First, the Lectionary. Lectionary, Lectio, etc. all come from the latin word for reading.
The Episcopal Church reads most of the Bible in three years: Year A, B, and C. The Church all reads together in unity each Sunday. We read from the Old Testament, the Psalms, the Prophets, an Epistle, and the Gospel. Every reading is optional except the Gospel, meaning the readings can be used or not, there are also alternate readign for each week. All the readings follow the Christian year and are eerily connected thematically.
The collection of readings are called the Revised Common Lectionary. The daily portion is the also part of the revised common lectionary but is called the Daily Office, which is the readings with prayers. The daily office is used by Churches for daily prayer and Eucharist celebrations. For families and individuals the daily office is for prayer, devotion, and meditation. All this can be found in the Book of Common Prayer. Perhaps this is why one doesn't find many Episcopal Devotionals, we've had one since 1549.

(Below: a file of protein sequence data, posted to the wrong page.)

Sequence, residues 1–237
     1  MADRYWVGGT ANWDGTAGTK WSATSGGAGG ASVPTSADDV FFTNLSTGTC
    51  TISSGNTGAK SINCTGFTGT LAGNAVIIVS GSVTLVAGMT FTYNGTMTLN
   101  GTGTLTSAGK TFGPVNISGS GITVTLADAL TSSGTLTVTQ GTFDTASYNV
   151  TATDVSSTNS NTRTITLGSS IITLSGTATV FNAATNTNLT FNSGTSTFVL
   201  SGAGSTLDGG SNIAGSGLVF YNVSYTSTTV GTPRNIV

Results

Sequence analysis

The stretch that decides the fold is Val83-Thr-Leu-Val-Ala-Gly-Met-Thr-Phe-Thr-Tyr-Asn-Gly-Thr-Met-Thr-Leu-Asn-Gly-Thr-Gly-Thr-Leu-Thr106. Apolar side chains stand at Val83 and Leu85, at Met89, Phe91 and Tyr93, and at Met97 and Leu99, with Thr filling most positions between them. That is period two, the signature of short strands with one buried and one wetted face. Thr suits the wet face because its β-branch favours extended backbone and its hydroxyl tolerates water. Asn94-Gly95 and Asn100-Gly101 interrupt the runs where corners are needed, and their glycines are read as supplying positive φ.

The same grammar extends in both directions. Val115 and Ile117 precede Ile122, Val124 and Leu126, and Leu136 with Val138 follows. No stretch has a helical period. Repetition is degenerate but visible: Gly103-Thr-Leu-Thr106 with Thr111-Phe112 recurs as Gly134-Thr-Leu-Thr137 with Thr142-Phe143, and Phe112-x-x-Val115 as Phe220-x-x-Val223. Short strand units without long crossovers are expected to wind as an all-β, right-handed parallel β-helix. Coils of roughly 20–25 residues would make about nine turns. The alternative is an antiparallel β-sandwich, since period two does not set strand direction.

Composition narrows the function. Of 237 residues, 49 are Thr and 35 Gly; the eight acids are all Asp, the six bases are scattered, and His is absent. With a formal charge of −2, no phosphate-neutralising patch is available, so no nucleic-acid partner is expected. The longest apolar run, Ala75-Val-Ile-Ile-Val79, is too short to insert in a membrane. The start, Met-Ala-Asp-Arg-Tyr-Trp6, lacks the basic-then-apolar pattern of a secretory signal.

So wherever you go there you are when it comes to the Bible and the Episcopal Church.I find this very comforting because all the Churches are together. Also, the Bible is read in its entirety, so the people can't ignore those difficult passages such as when JC talks about making friends with dishonest wealth or that you must hate your family to follow him.
While we all read together we are far from unity on interpretation of the Scriptures. This is good.